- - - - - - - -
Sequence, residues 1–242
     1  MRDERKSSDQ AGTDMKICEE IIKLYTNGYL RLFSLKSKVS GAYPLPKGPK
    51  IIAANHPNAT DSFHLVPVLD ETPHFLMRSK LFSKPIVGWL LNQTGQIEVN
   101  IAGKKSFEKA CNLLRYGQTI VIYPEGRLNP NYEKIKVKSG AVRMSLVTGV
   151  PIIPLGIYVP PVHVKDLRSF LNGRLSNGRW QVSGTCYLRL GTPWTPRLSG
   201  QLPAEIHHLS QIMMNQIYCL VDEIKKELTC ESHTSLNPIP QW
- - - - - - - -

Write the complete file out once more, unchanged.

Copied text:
Sequence, residues 1–242
     1  MRDERKSSDQ AGTDMKICEE IIKLYTNGYL RLFSLKSKVS GAYPLPKGPK
    51  IIAANHPNAT DSFHLVPVLD ETPHFLMRSK LFSKPIVGWL LNQTGQIEVN
   101  IAGKKSFEKA CNLLRYGQTI VIYPEGRLNP NYEKIKVKSG AVRMSLVTGV
   151  PIIPLGIYVP PVHVKDLRSF LNGRLSNGRW QVSGTCYLRL GTPWTPRLSG
   201  QLPAEIHHLS QIMMNQIYCL VDEIKKELTC ESHTSLNPIP QW